I’ve worked in youth ministry for more than a decade now. I’ve come to know countless teenage hearts, but their depth still amazes me. Their burdens are overwhelming. Teen problems are real and painful. But teens are often too afraid to admit many of their struggles to their parents.
More than once, I’ve had teens divulge secrets they’ve never admitted to another soul, including their own parents. Other youth ministers and teachers have had similar experiences. Here are 5 of the most common teen problems your kids tell us but are too afraid to tell you.
“I think I have [insert appropriate mental illness here].”
It could be depression or anxiety, an eating disorder or PTSD from a bad childhood experience. But they’re ashamed to admit their “weakness” to you. If your teens ever give you reason to believe they might be struggling in this way, approach them about it in a one-on-one setting to encourage them to open up to you. Your mom instincts about teen problems are probably not wrong.
“I feel overwhelmed by the pressure to be perfect.”
Academics, athletics, and extracurriculars—teens feel like they need to do it all, and do it perfectly. Even the smartest students are struggling to keep up with the amount of work they are assigned. They are competing with peers, their own expectations, and your expectations for them. But they don’t tell you they’re exhausted because failure to succeed would mean letting you down and they’re terrified to disappoint you. Be sure to constantly affirm that your children just need to do their best, even if their best is not perfect.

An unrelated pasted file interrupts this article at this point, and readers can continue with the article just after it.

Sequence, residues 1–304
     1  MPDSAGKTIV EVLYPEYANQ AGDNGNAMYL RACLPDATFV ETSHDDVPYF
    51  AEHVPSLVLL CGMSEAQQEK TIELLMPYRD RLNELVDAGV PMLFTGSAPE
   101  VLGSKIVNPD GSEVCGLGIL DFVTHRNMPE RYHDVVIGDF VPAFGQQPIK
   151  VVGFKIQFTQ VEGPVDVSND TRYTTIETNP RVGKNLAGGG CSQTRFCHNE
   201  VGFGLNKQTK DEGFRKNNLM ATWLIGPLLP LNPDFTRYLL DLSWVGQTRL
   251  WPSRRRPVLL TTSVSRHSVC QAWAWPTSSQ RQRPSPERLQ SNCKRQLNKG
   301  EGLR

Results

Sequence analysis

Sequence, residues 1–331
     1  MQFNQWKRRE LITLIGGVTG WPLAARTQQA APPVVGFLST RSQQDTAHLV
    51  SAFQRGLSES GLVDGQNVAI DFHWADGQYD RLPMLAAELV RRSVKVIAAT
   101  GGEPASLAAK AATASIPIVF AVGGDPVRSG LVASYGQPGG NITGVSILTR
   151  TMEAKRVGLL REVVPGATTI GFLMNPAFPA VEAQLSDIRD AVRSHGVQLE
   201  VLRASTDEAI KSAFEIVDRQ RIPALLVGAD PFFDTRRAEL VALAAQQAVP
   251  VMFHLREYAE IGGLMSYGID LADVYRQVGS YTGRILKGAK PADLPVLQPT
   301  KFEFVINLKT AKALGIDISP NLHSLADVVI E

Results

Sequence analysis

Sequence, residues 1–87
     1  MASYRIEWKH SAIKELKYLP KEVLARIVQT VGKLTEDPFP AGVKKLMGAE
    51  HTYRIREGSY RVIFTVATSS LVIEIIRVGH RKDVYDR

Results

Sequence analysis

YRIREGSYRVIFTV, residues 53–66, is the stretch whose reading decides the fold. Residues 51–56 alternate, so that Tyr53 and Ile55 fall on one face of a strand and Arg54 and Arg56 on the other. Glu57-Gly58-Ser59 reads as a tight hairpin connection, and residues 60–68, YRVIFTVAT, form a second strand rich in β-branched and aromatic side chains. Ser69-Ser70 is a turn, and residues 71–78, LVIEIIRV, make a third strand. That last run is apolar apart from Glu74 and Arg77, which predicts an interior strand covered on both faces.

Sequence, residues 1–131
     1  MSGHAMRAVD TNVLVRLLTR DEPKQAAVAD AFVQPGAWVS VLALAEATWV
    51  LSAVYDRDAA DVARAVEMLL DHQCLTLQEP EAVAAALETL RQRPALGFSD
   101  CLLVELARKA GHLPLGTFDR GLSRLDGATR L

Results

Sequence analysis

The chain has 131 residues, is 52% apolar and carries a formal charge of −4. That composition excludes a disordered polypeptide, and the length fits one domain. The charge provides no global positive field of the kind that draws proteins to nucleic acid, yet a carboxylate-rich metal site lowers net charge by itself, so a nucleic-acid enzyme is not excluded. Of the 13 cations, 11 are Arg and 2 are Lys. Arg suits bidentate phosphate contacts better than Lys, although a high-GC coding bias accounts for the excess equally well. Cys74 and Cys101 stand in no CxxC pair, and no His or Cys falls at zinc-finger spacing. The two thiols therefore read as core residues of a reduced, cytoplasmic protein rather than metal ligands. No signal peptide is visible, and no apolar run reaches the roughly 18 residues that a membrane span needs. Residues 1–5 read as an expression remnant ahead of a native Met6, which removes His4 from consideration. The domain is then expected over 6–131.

“I have dreams, but my parents don’t believe in them.”
Teens don’t always have the maturity to realize their dreams are unrealistic, but high school is a great time for dreaming. They don’t need to know what they want to be when they’re in high school. They barely need to know what they want to be in college. But teens are often too afraid to admit their dreams because they don’t think you believe in them. Give your sons and daughters the space to try new things, change their minds, and explore different career paths. There’s a lot of room for detours in high school and even college.
“I don’t agree with my parents about ____, but I feel like I can’t be honest.”
They desperately desire your approval, so they’re willing to swallow their own opinions rather than risk offending you. As a result, they’re stuck. Either they risk your disapproval or they risk betraying their own integrity. And it’s incredible how often they choose to be more like you, even if it means being less like themselves. Consider asking for your teens’ opinions on different topics and current events to encourage them to voice their own thoughts, and always thank them for their openness.
“I really want to have sex, but there’s no way I can talk to them about it.”
If sexuality’s a taboo topic in your home, most teens will be too uncomfortable to approach you when they go from thinking about sex to actually having it. Parents can work to be proactive in this area. If you’ve provided a firm foundation for lessons on sexuality and intimacy when your children are younger, teens will be more likely to talk to you when they need advice. But parents can also use one-on-one time to encourage their teens to talk.
You can’t force your teen to open up. That tends to be counterproductive. Instead, remember that teens are longing for unconditional love and security from you. They are terrified of rejection and disapproval. But if they can believe you will never stop loving them and that they are safe with you, your teens will be more likely to be honest with you.
What can you do to be a safe haven for your teen to reveal their feelings and struggles?